FRISCO - There are few people in the world of football more successful than Troy Aikman. Maybe that explains how it is that his work in a Super Bowl would mark what he calls his "rock-bottom.''
"I felt no sense of accomplishment, nothing,'' Aikman said on The Ringer's "Flying Coach" podcast, co-hosted by Sean McVay and Peter Schrager, looking back at his work as a TV analyst for FOX Sports during Super Bowl XLII. "And I said ... 'Man, if this is supposed to be the pinnacle of this profession, then I'm in the wrong profession.'
"And I was just really down, you know ... I just know that that was rock bottom for me in this profession."
Aikman, the former Dallas Cowboys QB and a Hall-of-Famer, played in and won three Super Bowls. So the Super Bowl itself marks his greatest heights in the profession - heights that he was disappointed to learn would never be reached again once he left the field.
The realization came to him after the game, when he encountered another QB-turned-broadcaster Ron Jaworski, who raved about the excitement of the New York Giants' last-minute win. Jaworski noticed in conversation that Aikman didn't seem very excited about it all.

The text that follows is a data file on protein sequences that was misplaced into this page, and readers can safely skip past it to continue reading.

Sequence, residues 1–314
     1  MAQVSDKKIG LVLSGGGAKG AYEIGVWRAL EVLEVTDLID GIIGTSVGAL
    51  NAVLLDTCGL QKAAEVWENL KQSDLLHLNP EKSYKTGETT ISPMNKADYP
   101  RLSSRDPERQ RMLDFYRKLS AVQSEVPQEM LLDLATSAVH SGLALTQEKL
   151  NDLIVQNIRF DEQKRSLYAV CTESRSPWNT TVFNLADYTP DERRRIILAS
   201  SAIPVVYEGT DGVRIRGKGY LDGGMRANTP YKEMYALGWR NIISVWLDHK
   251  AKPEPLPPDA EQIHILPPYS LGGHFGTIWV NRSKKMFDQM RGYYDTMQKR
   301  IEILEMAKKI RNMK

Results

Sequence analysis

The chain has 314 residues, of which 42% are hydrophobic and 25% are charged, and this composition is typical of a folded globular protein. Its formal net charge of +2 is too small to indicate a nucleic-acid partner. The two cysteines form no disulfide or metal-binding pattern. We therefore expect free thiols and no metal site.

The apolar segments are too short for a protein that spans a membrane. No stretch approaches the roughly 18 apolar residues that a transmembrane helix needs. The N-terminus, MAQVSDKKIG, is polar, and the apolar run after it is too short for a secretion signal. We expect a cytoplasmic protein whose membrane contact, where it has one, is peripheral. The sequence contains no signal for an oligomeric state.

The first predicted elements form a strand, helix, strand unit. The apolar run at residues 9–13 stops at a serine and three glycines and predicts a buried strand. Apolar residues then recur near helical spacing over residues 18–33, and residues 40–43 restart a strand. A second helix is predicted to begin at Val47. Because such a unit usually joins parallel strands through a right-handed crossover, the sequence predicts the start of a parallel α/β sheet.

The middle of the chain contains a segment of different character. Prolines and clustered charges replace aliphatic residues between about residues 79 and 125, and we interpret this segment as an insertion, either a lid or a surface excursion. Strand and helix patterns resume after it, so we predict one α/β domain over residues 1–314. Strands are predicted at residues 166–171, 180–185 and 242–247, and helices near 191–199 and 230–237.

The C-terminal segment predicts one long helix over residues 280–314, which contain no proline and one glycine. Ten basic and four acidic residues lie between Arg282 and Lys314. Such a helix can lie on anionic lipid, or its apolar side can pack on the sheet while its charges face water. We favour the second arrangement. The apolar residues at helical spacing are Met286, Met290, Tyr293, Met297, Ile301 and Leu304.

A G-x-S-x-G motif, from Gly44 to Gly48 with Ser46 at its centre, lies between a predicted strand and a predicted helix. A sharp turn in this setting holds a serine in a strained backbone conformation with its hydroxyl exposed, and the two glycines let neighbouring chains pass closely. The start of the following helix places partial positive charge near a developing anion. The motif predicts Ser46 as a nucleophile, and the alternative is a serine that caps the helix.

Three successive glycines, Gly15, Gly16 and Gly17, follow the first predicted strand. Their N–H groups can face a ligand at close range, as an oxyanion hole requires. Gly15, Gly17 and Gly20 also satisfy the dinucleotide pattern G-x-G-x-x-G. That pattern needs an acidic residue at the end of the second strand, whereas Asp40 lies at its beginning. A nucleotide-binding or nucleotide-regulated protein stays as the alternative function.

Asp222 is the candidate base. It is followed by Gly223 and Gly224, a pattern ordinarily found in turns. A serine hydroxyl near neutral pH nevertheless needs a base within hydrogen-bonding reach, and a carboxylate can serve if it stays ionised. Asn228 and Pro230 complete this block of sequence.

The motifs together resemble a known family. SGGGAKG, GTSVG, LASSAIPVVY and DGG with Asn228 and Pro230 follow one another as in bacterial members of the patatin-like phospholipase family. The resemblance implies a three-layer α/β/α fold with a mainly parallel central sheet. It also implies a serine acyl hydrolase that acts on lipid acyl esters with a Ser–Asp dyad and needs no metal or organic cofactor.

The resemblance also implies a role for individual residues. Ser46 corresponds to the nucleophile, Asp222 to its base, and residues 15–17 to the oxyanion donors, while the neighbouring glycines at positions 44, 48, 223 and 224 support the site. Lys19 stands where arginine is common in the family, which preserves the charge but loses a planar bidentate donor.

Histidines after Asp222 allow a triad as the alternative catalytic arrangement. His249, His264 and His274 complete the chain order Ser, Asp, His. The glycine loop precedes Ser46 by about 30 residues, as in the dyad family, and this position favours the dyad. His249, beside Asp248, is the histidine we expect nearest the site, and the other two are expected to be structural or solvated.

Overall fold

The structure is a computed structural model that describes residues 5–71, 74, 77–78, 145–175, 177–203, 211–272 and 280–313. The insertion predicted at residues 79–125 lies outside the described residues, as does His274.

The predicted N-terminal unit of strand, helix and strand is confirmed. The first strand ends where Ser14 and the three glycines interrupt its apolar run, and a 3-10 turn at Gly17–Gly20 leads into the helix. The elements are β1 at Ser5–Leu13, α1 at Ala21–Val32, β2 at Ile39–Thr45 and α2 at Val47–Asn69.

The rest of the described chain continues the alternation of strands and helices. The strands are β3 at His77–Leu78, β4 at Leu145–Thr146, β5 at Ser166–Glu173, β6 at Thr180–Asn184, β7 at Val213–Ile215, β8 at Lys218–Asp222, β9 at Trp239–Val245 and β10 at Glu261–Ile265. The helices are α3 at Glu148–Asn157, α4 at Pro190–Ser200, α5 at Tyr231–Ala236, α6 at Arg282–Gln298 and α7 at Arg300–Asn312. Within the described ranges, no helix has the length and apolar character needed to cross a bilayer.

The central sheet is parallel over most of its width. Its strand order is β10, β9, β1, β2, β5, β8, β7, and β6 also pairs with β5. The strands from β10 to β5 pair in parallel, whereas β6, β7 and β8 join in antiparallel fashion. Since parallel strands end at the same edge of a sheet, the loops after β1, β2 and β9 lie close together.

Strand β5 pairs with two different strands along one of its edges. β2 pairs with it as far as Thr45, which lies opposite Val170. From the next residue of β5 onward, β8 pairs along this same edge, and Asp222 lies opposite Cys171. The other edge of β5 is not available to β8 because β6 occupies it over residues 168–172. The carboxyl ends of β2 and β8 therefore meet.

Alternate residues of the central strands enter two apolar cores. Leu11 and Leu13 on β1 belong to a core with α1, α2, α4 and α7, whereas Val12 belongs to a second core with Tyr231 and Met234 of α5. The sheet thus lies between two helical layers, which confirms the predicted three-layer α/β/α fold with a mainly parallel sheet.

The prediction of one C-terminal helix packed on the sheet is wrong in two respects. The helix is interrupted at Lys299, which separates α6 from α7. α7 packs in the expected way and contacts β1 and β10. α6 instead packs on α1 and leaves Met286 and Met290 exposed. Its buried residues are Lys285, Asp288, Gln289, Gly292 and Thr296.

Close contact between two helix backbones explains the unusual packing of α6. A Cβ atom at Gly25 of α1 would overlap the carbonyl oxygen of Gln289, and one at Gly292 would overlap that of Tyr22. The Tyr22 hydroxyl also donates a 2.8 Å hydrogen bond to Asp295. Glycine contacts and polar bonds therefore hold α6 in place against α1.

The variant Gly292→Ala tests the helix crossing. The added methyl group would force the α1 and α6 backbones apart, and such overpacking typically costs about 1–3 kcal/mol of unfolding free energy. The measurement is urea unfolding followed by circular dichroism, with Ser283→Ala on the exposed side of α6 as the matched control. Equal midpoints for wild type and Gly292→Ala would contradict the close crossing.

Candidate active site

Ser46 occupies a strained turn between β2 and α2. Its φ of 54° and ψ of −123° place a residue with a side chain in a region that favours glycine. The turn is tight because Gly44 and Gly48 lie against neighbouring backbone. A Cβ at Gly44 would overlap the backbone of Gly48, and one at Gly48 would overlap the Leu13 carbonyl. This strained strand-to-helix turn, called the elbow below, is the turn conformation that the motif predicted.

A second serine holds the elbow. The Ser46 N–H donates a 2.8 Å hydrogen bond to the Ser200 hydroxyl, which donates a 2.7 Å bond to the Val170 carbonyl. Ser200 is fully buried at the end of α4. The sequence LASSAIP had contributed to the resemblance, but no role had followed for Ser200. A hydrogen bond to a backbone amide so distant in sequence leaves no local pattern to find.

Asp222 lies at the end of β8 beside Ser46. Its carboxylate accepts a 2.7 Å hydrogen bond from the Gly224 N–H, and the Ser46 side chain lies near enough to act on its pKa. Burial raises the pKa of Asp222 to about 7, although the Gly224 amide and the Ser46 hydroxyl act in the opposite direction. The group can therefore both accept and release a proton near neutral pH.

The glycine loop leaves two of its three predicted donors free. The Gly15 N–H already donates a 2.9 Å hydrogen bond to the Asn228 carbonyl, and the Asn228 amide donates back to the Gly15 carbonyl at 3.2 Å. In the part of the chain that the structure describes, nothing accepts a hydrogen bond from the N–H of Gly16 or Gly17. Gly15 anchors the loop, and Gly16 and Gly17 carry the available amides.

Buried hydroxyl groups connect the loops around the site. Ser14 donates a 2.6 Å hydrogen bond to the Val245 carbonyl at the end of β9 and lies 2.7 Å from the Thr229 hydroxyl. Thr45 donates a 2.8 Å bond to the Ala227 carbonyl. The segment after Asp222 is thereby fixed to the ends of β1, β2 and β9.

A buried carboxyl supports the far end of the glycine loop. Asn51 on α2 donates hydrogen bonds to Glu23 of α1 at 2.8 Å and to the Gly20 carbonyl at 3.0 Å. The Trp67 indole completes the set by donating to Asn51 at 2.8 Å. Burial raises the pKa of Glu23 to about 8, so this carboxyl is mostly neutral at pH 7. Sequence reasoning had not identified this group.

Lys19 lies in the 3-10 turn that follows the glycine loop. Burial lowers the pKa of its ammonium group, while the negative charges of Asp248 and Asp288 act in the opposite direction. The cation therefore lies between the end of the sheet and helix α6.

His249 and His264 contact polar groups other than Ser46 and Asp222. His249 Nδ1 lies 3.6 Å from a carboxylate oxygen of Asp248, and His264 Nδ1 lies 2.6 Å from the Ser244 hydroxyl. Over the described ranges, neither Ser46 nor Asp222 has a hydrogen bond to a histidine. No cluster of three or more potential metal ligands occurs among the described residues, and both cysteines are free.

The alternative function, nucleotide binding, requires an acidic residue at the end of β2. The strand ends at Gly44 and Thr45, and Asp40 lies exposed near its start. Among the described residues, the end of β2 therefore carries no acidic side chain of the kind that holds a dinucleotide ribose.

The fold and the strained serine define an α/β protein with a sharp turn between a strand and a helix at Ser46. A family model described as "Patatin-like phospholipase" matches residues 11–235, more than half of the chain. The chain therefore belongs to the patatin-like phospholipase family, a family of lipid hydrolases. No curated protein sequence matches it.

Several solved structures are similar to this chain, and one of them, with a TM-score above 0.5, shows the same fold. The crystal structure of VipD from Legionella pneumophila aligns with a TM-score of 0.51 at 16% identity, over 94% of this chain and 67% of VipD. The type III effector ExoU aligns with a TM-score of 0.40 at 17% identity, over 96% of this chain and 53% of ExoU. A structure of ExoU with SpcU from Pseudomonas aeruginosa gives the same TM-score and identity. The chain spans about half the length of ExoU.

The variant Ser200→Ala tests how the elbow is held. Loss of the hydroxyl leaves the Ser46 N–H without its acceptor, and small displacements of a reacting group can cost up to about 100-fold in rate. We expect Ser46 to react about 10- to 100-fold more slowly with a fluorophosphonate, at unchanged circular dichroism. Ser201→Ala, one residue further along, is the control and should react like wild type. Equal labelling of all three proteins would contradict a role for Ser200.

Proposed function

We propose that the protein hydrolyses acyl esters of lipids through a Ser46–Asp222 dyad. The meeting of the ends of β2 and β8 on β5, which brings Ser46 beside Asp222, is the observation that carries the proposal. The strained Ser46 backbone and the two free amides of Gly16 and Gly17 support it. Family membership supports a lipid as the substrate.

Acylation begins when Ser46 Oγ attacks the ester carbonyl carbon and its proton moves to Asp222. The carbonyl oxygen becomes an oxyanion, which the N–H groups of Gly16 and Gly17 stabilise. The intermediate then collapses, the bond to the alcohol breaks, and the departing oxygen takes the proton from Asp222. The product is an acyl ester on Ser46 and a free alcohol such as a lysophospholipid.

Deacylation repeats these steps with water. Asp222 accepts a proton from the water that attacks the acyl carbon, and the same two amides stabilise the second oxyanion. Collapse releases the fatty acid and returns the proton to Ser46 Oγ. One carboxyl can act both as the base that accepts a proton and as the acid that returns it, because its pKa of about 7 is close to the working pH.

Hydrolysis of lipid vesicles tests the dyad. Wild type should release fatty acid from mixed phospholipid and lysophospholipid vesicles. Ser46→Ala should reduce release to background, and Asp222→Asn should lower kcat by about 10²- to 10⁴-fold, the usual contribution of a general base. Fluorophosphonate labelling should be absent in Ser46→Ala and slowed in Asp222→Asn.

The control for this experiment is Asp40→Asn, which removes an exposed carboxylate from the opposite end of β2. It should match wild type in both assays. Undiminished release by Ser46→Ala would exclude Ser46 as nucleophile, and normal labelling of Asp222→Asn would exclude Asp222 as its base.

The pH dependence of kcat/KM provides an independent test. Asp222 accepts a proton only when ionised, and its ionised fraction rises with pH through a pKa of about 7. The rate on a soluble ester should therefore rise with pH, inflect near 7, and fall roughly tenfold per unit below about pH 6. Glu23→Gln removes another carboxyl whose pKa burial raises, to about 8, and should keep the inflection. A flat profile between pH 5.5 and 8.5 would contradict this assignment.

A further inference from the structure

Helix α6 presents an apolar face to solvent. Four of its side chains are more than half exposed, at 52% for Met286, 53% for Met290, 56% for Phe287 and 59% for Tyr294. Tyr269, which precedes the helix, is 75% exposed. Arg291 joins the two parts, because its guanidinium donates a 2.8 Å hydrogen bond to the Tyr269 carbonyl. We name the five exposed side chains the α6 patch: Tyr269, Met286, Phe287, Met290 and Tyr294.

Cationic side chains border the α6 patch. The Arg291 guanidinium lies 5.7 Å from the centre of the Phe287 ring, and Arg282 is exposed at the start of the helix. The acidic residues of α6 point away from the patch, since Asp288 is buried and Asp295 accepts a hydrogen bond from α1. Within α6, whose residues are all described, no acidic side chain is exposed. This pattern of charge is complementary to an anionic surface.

"Man, what's wrong with you?' Jaworski said to Aikman.
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"Jaws, nothing's wrong,'' Aikman replied (as relayed by Audacy). "But what did I do? I didn't do anything. All I did was talk about (the game).''
Aikman's point: Broadcasting it was nothing like playing in it. As he said to his then-wife, "I may have just called the biggest game that I'll ever call in this profession. I mean, I may look back on my career in broadcasting and this may be the biggest game that I'll ever call. And here we are, just an hour after the game ended, and everyone's ecstatic, what a great game and great ending, and I said, 'I could not be more miserable.'
A lesson, though, was learned.
"There will never be the feelings you get when you're in the arena and you're actually doing it, but now I do get satisfaction from my job," Aikman said. "And I don't know why it changed all of a sudden, but it changed after that Super Bowl and I'm glad that it did, because if it hadn't, I just was not going to be able to continue. And you want to walk away from your job feeling like you've done something worthwhile and noteworthy, and I do now when I leave the stadiums."